HPV immunisation campaign causes massive reduction in prevalence of cancer-causing virus in Scottish women

05 April 2017

HPV vaccination

Today, at the Microbiology Society’s Annual Conference in Edinburgh, researchers will show that levels of cancer-causing human papillomavirus in Scotland have dropped 90% in young women, following a vaccination campaign that began in 2008. The researchers believe that this may itself lead to a 90% reduction in cervical cancer cases in Scottish women.

Human papillomavirus (HPV) is a sexually transmitted virus that is responsible for the majority of cervical cancer cases. Two genotypes of the virus – 16 and 18 – are themselves responsible for around 80% of cervical cancers in Scotland and 70% around the world.

The team – led by Dr Kevin Pollock, Senior Epidemiologist at Health Protection Scotland – performed a longitudinal population study to measure the impact that HPV immunisation has had since its introduction in 2008.

Using patients’ Community Health Index (CHI) numbers, the team could link anonymous results from women born in 1995 attending cervical screening with their vaccination records. They could then assess the levels of HPV and the genotypes present. These results were then compared with women who were born between 1989 and 1990 who were unvaccinated. In total, the study included samples collected from over 20,000 women, making this one of the largest population-based studies to examine the impact of the vaccine.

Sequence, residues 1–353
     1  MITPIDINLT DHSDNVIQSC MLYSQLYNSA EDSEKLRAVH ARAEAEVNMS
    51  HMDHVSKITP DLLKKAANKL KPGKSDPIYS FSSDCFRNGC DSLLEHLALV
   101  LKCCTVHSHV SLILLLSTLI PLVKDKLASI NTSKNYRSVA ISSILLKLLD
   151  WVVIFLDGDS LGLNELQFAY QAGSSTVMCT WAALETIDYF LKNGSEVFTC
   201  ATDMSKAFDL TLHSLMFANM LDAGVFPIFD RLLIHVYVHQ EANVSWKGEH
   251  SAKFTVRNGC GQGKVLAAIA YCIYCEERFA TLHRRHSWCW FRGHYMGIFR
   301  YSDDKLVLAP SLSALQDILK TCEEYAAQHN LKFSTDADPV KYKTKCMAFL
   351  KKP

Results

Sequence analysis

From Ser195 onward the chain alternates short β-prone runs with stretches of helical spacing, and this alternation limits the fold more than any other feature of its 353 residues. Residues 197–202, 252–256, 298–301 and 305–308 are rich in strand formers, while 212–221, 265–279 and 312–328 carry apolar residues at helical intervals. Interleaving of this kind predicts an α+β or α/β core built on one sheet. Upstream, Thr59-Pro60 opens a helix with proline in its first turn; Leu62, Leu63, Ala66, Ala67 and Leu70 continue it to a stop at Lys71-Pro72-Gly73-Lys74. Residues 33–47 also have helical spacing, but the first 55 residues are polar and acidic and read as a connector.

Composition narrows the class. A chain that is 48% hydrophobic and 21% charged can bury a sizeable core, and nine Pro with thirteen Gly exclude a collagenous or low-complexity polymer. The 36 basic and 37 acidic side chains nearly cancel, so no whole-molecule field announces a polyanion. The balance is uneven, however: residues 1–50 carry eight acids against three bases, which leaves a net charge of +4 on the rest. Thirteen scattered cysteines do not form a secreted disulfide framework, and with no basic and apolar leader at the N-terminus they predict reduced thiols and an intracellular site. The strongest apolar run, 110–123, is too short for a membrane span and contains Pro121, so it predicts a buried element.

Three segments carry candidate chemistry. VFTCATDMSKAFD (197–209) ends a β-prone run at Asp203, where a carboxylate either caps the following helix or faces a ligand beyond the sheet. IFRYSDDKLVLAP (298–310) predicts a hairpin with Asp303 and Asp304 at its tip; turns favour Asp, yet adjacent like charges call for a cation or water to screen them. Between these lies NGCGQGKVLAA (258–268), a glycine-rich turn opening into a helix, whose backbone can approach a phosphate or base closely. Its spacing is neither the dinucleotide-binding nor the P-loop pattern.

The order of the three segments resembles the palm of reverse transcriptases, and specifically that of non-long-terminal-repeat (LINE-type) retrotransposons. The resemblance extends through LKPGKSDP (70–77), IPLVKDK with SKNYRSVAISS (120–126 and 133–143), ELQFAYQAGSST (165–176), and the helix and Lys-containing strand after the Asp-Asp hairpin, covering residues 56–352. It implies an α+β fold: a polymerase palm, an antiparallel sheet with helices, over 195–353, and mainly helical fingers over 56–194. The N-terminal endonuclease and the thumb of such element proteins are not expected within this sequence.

A clinically validated assay showed that only ~0.5% of women from the 1995 group tested positive for HPV 16/18, compared with 21.4% of women born before 1990. In addition, the study showed evidence that the vaccine also protects against three other high-risk HPV genotypes involved in the development of cervical cancer: 31, 33 and 45.

Dr Kate Cuschieri, Director of the Scottish HPV Reference Lab, is presenting the results at the Conference. She said: “These new findings indicate that the positive impact of the HPV vaccine may be even greater than we initially thought. Collectively, these data demonstrate the significant and continued benefits of the HPV vaccination programme in Scotland, which has achieved a consistent and high uptake of around 90% in 12- to 13-year-old girls. It is important that we share this good news to encourage continued participation in this successful programme.”

Dr Pollock said: “The very high uptake of the HPV vaccine is strongly associated with these massive reductions in high-risk HPV types that are known to cause approximately 90% of cervical cancer in Scottish women. We also know that HPV 16 and 18 can cause a number of other cancers, including vulvovaginal, anal and a subset of head and neck cancers. These results suggest that this vaccine will also have a significant impact on these cancers in the years ahead.”

This work, funded by the Scottish Government, is part of a larger suite of public health work in Scotland looking at the effect of the vaccine on levels of cervical lesions and cancer-related cell abnormalities.

There were 388 new cases of cervical cancer in Scotland in 2014 and the disease is the 13th most common among women in the UK. As the disease predominantly affects women aged 25–29, the researchers are hoping to observe a decrease in new cervical cancer diagnoses within the next year.

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